Øresund and Great Belt bridges in Denmark reopen as storm winds abate

The Øresund Bridge, which links Denmark and Sweden, reopened on Sunday morning after being forced to close for safety reasons due to strong winds from storm Malik, which is currently battering northern Europe.

Øresund Bridge
Øresund Bridge carries motor and railway traffic and connects Denmark and Sweden.(Photo: Janus Langhorn/

However, wind-sensitive vehicles were still advised against crossing the combined highway and railway bridge due to strong winds, Ritzau news agency reported.

The bridge reopened at around 9.10am after closing to all traffic in both directions at 7pm on Saturday with hurricane-force winds reported during the evening and overnight.

The Great Belt Bridge, which connects the Danish islands of Zealand and Funen, also reopened for car traffic on Sunday.

It reopened at 10am, after closing at about 9.30pm Saturday night due to the storm.

Funen police said on Twitter that the bridge had been reopened with a 50km/h speed limit in place.

Storm Malik hit Denmark on Saturday afternoon.

Since its arrival, there have been several reports of hurricane-force gusts, with the largest registered in Hanstholm in northwestern Jutland.

According to the Danish Meteorological Institute, gusts there measured 40 metres per second on Saturday night, which equates to about 144 kilometres per hour.

On Sunday morning, municipal emergency units association Danske Beredskaber said the focus on Sunday would be rising water levels in several places, especially the fjords.

Member comments

Log in here to leave a comment.
Become a Member to leave a comment.


Denmark could get ‘last heatwave of the summer’ this weekend

Meteorologists in Denmark have forecasted hot weather in coming days, which they predict will be the last heatwave of the summer.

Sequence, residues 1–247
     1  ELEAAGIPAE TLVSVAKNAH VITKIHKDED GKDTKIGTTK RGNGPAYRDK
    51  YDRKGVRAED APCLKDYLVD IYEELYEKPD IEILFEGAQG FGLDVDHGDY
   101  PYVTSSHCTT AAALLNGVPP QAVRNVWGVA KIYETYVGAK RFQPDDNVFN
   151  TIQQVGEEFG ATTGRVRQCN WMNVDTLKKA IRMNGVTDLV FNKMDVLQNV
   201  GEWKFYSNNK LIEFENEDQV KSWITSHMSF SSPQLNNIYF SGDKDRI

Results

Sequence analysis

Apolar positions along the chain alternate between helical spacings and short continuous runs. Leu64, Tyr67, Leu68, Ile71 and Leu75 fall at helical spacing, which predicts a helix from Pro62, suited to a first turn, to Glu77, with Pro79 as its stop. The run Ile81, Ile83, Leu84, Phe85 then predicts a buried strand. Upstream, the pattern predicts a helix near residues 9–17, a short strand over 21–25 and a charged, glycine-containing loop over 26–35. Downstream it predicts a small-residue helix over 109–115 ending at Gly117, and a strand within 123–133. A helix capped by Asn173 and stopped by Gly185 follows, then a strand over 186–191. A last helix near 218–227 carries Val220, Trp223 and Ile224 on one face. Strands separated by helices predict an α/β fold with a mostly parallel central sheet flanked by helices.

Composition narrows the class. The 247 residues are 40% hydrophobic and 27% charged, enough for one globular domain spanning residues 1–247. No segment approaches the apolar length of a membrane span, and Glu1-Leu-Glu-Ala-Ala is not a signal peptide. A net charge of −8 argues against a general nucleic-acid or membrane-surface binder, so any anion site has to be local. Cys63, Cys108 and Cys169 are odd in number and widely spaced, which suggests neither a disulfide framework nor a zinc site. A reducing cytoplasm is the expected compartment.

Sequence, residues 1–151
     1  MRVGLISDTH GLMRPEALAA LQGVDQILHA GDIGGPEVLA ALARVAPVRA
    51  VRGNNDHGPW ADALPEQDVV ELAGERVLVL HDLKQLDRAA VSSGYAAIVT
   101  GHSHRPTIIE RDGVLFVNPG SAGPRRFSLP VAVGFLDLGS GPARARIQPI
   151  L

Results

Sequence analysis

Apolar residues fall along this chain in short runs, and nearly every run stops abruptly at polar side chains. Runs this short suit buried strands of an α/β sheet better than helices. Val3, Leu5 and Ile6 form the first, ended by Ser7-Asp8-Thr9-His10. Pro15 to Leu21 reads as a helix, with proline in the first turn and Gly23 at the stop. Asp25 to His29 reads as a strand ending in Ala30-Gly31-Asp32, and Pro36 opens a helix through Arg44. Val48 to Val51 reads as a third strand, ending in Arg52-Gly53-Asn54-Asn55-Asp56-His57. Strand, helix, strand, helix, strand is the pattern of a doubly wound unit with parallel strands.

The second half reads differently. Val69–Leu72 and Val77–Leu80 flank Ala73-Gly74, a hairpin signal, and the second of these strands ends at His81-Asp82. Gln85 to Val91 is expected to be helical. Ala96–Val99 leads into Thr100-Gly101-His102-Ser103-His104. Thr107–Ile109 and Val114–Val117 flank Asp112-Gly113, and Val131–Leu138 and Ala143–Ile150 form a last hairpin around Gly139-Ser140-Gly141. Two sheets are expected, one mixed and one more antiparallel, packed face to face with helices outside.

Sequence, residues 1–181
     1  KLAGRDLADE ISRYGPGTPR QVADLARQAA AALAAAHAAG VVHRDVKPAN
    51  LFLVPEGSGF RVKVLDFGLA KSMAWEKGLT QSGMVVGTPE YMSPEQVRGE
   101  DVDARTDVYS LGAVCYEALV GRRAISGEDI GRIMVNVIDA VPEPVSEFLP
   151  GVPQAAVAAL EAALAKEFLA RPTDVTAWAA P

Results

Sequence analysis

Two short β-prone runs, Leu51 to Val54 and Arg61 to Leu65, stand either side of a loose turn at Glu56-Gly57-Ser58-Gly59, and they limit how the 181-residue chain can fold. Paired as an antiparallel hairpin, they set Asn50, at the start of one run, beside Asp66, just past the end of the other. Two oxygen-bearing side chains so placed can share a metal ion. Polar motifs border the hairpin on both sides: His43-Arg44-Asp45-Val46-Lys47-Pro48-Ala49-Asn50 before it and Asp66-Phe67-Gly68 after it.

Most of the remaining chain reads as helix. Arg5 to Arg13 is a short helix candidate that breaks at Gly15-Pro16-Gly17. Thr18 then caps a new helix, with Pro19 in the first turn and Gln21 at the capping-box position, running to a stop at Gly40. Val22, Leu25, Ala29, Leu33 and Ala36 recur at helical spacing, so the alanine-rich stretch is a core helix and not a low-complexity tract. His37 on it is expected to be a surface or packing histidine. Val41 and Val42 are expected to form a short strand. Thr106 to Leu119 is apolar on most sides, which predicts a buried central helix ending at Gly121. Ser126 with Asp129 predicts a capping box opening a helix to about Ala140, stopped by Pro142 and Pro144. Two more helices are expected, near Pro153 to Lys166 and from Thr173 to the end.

Denmark could get 'last heatwave of the summer' this weekend

A regional heatwave in the southern part of the country is forecast by the Danish Meteorlogical Institute (DMI).

Regional temperatures could hit 28 degrees, particularly in the south of the country. The hot weather is expected to be the last of the summer.

“Zealand, Lolland Falster and the south of Jutland could get to over 28 degrees (Celsius) in some locations from Friday,” Martin Lindberg, DMI meteorologist, told news wire Ritzau.

A heatwave is defined as a period with average temperatures above 28 degrees on three consecutive days.

“There will of course be high pressure fronts later in the summer and maybe also in September, but they will be shorter and probably not as warm,” Lindberg said.

This year’s summer has been cooler than the average for recent years, albeit with short, hot periods, the meteorologist said.

“It’s a bit odd that it has swung so much this year. It’s remarkable that we, during a relatively cool summer, almost broke heat records like we did in July,” he said.

READ ALSO: Denmark posts hottest July day since 1940s but all-time record holds

A temperature of 35.9 degrees was recorded by DMI on Lolland on July 20th, an all-time record for the month of July. The previous record was from 1975.

Although this year’s summer has been cooler than usual, it has also been dry.

“July was a dry month and we also think August could be very dry,” Lindberg said.

Last month saw a total of 44 millimetres of precipitation. DMI records show the average for the month of July to be 73 millimetres.